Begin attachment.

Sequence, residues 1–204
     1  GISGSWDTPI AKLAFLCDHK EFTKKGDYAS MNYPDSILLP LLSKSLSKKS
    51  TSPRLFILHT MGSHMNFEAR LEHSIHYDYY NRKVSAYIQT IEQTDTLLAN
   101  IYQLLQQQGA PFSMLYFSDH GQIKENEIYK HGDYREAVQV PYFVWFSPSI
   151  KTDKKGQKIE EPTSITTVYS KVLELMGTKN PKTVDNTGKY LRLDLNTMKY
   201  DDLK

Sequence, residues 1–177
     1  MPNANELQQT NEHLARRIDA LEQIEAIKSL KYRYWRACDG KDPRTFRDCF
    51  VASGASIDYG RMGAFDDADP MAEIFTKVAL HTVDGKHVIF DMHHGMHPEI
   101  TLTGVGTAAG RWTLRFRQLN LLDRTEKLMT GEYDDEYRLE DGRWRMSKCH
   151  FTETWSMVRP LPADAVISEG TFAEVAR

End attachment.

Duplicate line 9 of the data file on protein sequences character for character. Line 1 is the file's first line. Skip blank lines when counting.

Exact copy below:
    51  VASGASIDYG RMGAFDDADP MAEIFTKVAL HTVDGKHVIF DMHHGMHPEI